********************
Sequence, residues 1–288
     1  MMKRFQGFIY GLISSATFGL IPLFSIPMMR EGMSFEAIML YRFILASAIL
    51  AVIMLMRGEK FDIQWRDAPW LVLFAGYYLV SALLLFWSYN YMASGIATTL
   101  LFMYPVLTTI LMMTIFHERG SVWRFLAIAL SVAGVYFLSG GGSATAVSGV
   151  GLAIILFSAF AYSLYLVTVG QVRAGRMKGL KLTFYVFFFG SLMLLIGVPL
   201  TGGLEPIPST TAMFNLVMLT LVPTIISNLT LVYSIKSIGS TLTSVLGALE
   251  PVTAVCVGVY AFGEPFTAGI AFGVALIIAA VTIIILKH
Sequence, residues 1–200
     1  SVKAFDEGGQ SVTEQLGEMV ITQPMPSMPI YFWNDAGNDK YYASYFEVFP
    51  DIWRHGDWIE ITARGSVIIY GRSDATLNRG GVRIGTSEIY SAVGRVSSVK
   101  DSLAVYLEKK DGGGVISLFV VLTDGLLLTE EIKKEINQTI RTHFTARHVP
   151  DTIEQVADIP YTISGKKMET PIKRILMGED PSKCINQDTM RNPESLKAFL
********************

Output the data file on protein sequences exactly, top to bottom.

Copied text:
Sequence, residues 1–288
     1  MMKRFQGFIY GLISSATFGL IPLFSIPMMR EGMSFEAIML YRFILASAIL
    51  AVIMLMRGEK FDIQWRDAPW LVLFAGYYLV SALLLFWSYN YMASGIATTL
   101  LFMYPVLTTI LMMTIFHERG SVWRFLAIAL SVAGVYFLSG GGSATAVSGV
   151  GLAIILFSAF AYSLYLVTVG QVRAGRMKGL KLTFYVFFFG SLMLLIGVPL
   201  TGGLEPIPST TAMFNLVMLT LVPTIISNLT LVYSIKSIGS TLTSVLGALE
   251  PVTAVCVGVY AFGEPFTAGI AFGVALIIAA VTIIILKH
Sequence, residues 1–200
     1  SVKAFDEGGQ SVTEQLGEMV ITQPMPSMPI YFWNDAGNDK YYASYFEVFP
    51  DIWRHGDWIE ITARGSVIIY GRSDATLNRG GVRIGTSEIY SAVGRVSSVK
   101  DSLAVYLEKK DGGGVISLFV VLTDGLLLTE EIKKEINQTI RTHFTARHVP
   151  DTIEQVADIP YTISGKKMET PIKRILMGED PSKCINQDTM RNPESLKAFL